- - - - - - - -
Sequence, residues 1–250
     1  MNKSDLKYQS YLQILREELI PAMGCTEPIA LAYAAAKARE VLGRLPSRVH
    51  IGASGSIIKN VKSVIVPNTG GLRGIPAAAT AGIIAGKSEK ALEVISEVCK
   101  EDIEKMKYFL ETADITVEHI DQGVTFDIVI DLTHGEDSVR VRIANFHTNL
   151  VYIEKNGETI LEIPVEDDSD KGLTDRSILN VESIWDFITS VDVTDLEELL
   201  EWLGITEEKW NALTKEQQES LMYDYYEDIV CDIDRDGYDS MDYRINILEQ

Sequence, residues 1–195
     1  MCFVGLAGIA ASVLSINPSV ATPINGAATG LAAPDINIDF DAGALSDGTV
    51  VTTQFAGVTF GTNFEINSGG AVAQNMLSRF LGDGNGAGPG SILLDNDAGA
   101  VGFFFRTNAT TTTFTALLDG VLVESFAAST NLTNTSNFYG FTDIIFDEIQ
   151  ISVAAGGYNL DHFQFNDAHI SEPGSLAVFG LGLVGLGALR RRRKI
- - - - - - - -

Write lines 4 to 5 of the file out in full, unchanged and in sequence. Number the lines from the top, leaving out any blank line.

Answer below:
   101  EDIEKMKYFL ETADITVEHI DQGVTFDIVI DLTHGEDSVR VRIANFHTNL
   151  VYIEKNGETI LEIPVEDDSD KGLTDRSILN VESIWDFITS VDVTDLEELL